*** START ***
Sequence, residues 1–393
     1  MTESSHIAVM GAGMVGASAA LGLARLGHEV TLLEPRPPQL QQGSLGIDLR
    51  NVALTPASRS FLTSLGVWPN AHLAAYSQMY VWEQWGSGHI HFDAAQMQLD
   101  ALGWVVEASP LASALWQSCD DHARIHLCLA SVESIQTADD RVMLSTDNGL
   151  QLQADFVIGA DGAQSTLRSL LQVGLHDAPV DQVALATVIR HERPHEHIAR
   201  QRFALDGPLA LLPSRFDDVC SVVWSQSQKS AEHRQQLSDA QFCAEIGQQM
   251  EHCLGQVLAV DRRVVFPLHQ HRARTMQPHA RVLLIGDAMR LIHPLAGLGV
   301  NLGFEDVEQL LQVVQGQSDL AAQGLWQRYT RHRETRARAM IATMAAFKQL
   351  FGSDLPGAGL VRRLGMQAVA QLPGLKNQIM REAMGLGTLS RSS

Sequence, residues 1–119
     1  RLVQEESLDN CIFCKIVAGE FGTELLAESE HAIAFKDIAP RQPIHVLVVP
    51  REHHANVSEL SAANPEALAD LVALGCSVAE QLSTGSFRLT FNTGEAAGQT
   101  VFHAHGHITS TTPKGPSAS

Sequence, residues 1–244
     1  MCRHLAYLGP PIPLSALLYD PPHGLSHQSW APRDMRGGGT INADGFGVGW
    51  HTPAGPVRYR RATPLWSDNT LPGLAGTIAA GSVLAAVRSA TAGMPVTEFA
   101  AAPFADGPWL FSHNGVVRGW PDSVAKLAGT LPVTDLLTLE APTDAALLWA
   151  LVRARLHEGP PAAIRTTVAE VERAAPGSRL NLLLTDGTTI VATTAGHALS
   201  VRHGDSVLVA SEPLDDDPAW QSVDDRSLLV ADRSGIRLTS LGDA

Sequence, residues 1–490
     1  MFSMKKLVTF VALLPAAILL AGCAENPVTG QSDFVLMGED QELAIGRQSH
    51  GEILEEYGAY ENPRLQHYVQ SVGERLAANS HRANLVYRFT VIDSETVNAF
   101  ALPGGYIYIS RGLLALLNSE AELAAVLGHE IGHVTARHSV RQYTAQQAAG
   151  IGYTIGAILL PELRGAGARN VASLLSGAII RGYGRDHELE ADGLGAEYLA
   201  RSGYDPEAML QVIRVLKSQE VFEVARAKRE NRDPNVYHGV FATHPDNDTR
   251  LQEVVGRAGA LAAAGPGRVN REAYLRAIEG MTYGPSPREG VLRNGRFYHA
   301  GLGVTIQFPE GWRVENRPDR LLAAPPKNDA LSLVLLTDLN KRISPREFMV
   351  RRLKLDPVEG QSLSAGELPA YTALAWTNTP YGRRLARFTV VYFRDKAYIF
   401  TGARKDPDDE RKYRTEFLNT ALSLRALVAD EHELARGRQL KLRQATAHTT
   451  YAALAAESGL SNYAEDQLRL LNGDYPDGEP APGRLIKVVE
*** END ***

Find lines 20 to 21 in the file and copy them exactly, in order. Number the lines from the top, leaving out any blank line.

Sequence, residues 1–490
     1  MFSMKKLVTF VALLPAAILL AGCAENPVTG QSDFVLMGED QELAIGRQSH